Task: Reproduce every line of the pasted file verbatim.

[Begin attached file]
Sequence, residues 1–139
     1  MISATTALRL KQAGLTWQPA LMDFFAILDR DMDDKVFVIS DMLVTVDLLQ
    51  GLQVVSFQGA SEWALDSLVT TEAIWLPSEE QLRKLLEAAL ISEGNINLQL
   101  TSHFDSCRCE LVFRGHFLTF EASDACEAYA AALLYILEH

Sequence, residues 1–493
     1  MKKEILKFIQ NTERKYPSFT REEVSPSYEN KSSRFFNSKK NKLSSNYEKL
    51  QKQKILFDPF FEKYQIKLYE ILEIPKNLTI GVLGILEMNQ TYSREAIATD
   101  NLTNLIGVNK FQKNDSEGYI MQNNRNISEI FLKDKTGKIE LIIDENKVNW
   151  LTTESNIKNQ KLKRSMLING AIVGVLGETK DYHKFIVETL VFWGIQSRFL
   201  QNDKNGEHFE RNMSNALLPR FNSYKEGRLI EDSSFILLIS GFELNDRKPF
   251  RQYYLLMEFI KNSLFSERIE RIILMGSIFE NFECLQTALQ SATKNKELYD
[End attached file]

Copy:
Sequence, residues 1–139
     1  MISATTALRL KQAGLTWQPA LMDFFAILDR DMDDKVFVIS DMLVTVDLLQ
    51  GLQVVSFQGA SEWALDSLVT TEAIWLPSEE QLRKLLEAAL ISEGNINLQL
   101  TSHFDSCRCE LVFRGHFLTF EASDACEAYA AALLYILEH

Sequence, residues 1–493
     1  MKKEILKFIQ NTERKYPSFT REEVSPSYEN KSSRFFNSKK NKLSSNYEKL
    51  QKQKILFDPF FEKYQIKLYE ILEIPKNLTI GVLGILEMNQ TYSREAIATD
   101  NLTNLIGVNK FQKNDSEGYI MQNNRNISEI FLKDKTGKIE LIIDENKVNW
   151  LTTESNIKNQ KLKRSMLING AIVGVLGETK DYHKFIVETL VFWGIQSRFL
   201  QNDKNGEHFE RNMSNALLPR FNSYKEGRLI EDSSFILLIS GFELNDRKPF
   251  RQYYLLMEFI KNSLFSERIE RIILMGSIFE NFECLQTALQ SATKNKELYD